All blood investigations were within the normal limits. Initially, the arterial blood gases revealed hypoxemia (PaO2 of 57 mmHg) and compensated respiratory alkalosis. After mechanical ventilation, hypoxemia and respiratory alkalosis were resolved, serial chest X-rays showed improvement corresponding with clinical condition [Figure 1] and [Figure 2].
Figure 1: Radiological image showing multiple opacities on admission

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Figure 2: Radiological image showing improvement in the lung parenchyma

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The patient was gradually weaned off from ventilatory support and after adequate criteria of weaning were met, spontaneous breath trial was given which was successful after which the trachea was extubated and treated with noninvasive ventilation for 1 day. Next day, the patient was maintained on venturi mask on oxygen at 6 liters per minute. After 2 days of monitoring, he was shifted to ward on nasal prongs in stable condition.

  Discussion Top

High-altitude illness may manifest with milder symptoms such as headache, dyspnea on exertion to fatal pulmonary, and cerebral edema. The incidence for acute mountain sickness is 15%–40%, whereas the fatal complication comprises only 1% of the spectrum. There is no gender difference in acute mountain sickness, but men tend to develop HAPE more than the female.[1]

Pulmonary edema resulting from high altitude is commonly seen in individuals ascending to altitude of ≥2500 m from the sea level. High-altitude sickness may involve lungs (HAPE) or the central nervous system (high-altitude cerebral edema). The most common cause of mortality from high-altitude sickness is due to HAPE. Individuals with the previous history of similar events are predisposed to the condition as it has a recurrence rate of 60%.[2] Other risk factors which increase the incidence of HAPE is fast ascent, altitudes of >2500 m from sea level, preexisting lung infections, sickle cell disease, pulmonary hypertension, atrial septal defect, and patent foramen ovale.[3]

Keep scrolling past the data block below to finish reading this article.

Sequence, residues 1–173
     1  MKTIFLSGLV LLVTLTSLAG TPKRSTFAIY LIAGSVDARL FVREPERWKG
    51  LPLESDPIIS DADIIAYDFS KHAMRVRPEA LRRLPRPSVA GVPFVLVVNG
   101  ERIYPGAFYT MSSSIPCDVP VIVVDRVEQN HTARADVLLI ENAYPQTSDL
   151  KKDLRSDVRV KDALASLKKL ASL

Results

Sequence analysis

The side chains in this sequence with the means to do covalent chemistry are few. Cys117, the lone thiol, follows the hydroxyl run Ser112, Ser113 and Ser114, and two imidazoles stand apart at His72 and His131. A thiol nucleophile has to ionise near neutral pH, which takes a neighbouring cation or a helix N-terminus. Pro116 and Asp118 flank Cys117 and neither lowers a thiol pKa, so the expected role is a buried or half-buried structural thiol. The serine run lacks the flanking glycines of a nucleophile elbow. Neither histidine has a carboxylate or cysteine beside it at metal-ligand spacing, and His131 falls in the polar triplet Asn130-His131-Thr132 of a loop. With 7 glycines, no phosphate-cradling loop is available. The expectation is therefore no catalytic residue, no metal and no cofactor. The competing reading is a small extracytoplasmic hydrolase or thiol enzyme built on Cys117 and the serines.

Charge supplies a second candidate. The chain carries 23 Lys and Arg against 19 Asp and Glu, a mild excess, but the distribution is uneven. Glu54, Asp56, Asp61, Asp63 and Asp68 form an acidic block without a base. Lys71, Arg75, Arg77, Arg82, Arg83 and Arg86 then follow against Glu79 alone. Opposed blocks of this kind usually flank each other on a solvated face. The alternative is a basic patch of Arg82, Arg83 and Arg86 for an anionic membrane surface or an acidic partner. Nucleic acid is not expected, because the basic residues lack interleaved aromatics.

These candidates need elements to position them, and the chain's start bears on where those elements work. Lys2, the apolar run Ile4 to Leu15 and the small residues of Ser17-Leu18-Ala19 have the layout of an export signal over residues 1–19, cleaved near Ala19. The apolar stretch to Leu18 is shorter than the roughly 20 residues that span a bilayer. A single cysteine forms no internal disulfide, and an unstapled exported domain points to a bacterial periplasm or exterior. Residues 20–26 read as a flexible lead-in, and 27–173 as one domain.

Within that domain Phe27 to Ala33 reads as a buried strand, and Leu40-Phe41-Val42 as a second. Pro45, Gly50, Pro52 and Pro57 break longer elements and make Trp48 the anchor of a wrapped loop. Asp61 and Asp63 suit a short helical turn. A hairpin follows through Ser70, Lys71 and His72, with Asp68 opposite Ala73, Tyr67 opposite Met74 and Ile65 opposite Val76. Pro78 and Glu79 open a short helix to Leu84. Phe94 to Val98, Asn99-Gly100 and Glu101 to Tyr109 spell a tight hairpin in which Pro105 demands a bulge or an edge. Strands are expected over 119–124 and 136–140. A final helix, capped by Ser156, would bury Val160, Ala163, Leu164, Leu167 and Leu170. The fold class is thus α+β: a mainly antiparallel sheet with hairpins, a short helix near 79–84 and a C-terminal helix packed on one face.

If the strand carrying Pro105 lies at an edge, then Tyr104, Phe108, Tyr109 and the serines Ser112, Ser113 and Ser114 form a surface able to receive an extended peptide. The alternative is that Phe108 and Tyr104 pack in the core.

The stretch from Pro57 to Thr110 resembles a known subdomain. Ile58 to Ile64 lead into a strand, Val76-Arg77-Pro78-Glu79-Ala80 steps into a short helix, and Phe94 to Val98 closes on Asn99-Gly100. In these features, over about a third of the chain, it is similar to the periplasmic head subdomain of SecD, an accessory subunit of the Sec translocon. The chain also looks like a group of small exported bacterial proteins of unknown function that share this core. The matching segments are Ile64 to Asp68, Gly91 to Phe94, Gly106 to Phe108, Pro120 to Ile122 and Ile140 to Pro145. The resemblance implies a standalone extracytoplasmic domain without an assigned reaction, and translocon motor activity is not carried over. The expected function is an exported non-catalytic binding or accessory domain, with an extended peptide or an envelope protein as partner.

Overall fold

Various theories have been postulated which show a genetic predisposition to HAPE. At the molecular level, various pathways are involved in the pathogenesis which include renin–angiotensin–aldosterone system, nitric oxide pathway, and hypoxia-inducible factor pathway.[4],[5] Localized areas of pulmonary capillaries stress failure are characteristic of HAPE. High altitudes lead to physiological response in the body, which is characterized by increase in respiratory rate, increase in heart rate, but with a lower stroke volume. Longer exposure leads to polycythemia, increase in myoglobin, and hypoxic pulmonary vasoconstriction.[6]

Kurtzman and Caruso advocate pretreatment with a carbonic anhydrase inhibitor, oxygen inhalation, and proper hydration to reduce the risk.[7] Initial presentation of HAPE includes breathlessness, dyspnea on exertion, headache, and chest congestion. As the disease advances, bilateral coarse crepts and pink frothy sputum are seen. Arterial blood gas analysis mostly show hypoxemia and respiratory alkalosis. Similar findings of arterial blood gas analysis were seen in our patient.[6]

To prevent HAPE, the major predictor is the rate of ascent which should be gradually over few days. It should not exceed 350 m/day, as it will provide ample time for the body to acclimatize to the new altitude.[3] However, once an individual starts to show the spectrum of HAPE, the patient should be brought to 1000 m as soon as possible and oxygen therapy started with an aim to maintain the SpO2 of >90%.

Few drugs have been found to play a role in reversing the effect. These include phosphodiesterase inhibitors, such as tadalafil or sildenafil, which cause pulmonary vasodilation and decrease pulmonary artery pressure, thus providing relief.[8] Another physiological challenge is to maintain normothermia as it will reduce the sympathomimetic effects of hypothermia.

Steroid cover will lead to decrease in pulmonary artery pressure. The recommended dose of dexamethasone is 8 mg initially followed by 4 mg every 6 h.[9] Nitric oxide inhalation[10] and portable hyperbaric bags such as Gamow bag[11] both have shown improvement in the clinical picture.